The Book Industry Study Group has long relied on volunteers to get its work done in creating a more informed and efficient book publishing industry. In addition to maintaining industry standards and best practices, BISG's different committees play the key role in getting the organization's work done on the different issues that affect all players in the supply chain. For the first time, all five BISG committees are chaired by women, and this week, PW, in cooperation with BISG, is shining a spotlight on these exceptional colleagues who volunteer their time and expertise to improve the way the industry produces, markets, and sells books.

Each day this week, beginning with Rebecca Burgoyne, PW will run a Q&A with the different chairs. The interviews have been conducted by industry consultant Julie Blattberg and edited by PW.

Burgoyne is executive director of operations for the United Methodist Publishing House, in which capacity she oversees production, supply chain, logistics, and intellectual property. She is chair of BISG's supply chain committee.

How did you get into the industry?

It’s genetic. My father, Tom Clarkson, has been in the book industry since the early 1970s. When I graduated from Vanderbilt University in 1987, he invited me to join his consulting firm, which had a good smattering of book companies in its customer base. I got hooked on systems, standards, and processes, and ended up taking a job with one of our clients, The United Methodist Publishing House.

What’s your committee working on now?

Our biggest project is supply chain mapping, which comprises a visual portrayal of the book industry supply chain. This tool brings us to a shared understanding of the supply chain, including the entities, activities, and information flows. It’s useful for everything from communication and training, to problem solving and standards development. The supply chain mapping project will have payoffs for years for come.

We’re also updating existing standards for carton and pallet marking, discussing the implications of piracy and counterfeiting, and working to understand the impact of printing changeable metadata, such as pricing directly onto book jackets.

What’s on the horizon in 2021 for your committee?

We took a first pass on the 2021 charter during our last meeting. We’ve tentatively laid plans to use the supply chain mapping tool to explore two areas: (1) the causes and effects of piracy on the U.S. market and (2) the applications of EDItX and XBITs. Additionally, we plan to adapt [the U.K.'s] BIC’s Industry Returns Initiative for the U.S market and to take on activities that strengthen engagement with book retailers and retail organizations.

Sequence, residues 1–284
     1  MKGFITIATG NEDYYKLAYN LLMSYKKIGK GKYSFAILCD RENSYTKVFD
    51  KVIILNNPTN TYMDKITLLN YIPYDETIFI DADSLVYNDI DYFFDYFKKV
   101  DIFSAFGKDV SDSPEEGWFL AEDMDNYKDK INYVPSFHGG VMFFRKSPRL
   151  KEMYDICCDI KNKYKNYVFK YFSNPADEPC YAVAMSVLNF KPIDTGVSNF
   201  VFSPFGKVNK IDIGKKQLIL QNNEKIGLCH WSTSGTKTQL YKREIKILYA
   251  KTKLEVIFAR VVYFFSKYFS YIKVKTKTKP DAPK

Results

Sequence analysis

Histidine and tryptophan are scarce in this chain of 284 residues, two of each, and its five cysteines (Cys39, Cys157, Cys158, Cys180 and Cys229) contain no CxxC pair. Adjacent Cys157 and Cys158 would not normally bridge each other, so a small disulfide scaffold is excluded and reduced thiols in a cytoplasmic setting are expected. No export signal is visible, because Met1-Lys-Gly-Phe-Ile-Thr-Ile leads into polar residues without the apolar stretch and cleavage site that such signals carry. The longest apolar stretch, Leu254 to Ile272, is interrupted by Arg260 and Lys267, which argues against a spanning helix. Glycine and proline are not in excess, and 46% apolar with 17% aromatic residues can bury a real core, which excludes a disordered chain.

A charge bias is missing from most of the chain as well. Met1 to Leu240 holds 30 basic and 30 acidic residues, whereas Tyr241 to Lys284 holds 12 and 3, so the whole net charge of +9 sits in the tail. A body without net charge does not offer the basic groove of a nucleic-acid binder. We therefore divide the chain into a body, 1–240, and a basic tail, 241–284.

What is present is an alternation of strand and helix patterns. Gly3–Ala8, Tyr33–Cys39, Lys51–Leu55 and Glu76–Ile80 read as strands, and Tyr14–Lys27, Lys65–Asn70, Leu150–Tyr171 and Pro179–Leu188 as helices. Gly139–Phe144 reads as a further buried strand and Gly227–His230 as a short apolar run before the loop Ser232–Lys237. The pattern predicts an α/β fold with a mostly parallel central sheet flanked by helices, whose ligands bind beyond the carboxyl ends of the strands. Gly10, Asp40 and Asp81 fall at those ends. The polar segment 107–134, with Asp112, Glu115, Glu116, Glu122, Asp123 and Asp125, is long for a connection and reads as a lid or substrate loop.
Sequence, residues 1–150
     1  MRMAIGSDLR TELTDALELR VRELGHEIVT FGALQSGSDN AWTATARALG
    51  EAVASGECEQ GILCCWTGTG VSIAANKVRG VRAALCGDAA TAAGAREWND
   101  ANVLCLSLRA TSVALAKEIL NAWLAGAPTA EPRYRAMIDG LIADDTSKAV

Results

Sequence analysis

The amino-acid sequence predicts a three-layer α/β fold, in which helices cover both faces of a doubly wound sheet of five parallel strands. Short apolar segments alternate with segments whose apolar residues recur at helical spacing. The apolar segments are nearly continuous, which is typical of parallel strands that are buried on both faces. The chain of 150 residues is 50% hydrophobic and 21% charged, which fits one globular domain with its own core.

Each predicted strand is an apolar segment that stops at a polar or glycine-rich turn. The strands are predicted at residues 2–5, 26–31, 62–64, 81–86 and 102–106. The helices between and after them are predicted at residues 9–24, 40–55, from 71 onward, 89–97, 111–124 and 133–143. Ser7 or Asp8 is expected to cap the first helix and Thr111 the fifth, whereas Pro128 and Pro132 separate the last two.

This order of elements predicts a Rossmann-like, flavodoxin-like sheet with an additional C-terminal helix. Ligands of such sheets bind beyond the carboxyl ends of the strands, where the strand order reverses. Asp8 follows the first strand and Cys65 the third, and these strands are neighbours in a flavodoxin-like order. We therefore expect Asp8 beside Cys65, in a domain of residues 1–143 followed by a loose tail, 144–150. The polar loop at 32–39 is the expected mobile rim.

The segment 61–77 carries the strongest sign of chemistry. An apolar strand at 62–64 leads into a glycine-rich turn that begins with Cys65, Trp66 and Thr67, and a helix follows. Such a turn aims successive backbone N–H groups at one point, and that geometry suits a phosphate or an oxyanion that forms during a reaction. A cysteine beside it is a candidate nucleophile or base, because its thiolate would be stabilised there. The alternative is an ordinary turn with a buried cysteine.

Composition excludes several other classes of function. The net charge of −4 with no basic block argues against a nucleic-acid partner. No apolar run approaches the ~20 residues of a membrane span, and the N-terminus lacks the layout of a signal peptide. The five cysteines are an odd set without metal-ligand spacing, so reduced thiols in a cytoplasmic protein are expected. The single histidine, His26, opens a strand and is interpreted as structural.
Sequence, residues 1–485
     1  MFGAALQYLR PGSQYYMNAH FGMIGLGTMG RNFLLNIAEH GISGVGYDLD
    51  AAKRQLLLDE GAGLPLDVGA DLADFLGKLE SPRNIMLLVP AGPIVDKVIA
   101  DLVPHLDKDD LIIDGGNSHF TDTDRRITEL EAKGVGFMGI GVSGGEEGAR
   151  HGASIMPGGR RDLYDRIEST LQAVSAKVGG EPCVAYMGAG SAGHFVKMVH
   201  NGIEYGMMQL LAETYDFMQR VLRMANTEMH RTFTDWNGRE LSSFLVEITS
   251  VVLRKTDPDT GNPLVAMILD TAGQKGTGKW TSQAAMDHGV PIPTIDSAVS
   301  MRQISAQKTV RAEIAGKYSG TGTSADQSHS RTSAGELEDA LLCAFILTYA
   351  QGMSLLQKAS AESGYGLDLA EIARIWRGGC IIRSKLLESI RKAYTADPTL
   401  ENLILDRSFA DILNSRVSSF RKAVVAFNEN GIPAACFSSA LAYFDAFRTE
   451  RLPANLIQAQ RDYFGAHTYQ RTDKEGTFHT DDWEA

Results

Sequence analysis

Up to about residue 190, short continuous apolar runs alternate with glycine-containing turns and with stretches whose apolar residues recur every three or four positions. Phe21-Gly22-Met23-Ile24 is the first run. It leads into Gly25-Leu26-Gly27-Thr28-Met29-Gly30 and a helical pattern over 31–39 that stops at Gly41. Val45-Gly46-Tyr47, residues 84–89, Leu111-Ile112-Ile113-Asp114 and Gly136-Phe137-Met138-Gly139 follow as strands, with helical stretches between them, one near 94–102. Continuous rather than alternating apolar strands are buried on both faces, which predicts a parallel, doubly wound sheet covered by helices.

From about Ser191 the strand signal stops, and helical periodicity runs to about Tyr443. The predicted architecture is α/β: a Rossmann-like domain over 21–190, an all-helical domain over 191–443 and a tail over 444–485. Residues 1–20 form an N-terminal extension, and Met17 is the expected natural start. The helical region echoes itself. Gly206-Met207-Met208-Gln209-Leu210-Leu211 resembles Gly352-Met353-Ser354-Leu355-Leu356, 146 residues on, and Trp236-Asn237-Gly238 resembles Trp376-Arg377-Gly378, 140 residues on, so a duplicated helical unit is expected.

Thinking about your work with BISG, what are you most proud of?

Bringing the supply chain map to see the light of day has been a real milestone, but the only part of this work I can legitimately lay claim to is continually putting this on the agenda, and continually putting the need for this map in front of the committee. The committee members have done an incredible job of stepping up and taking a blue-sky concept and turning it into something highly usable. We are well positioned now to take this to the next level and apply the mapping tool to some real-world problem-solving. I guess I’d say I’m most proud to work with a group of people who are authentically committed developing tools and solutions for the book industry supply chain.

Personally and/or professionally, what have you gotten out of volunteering with BISG?

Personally, it’s the connections—the friendships and the sort of genuine support that can only come from people who work in the same sector of an industry. When it comes to the minutiae of logistics or really geeking out over a solid standard, there’s just no match for those colleagues who are in the same boat.

Professionally, I can think of three benefits: connections, solutions, and service. Connections are vital to any productive professional. Whether it’s trendspotting or problem-solving, when I need a sounding board, my BISG connections are a phone call away.

Solutions are core to BISG—and the solutions come out when we gather in committee. You just can’t beat BISG committees for diverse ways of thinking and commitment to workable, mutual solutions. Finally, committee work provides an outlet for service, an opportunity to give back. This industry has given me employment and purpose, and so, giving back in service is the most rewarding aspect of volunteering with BISG.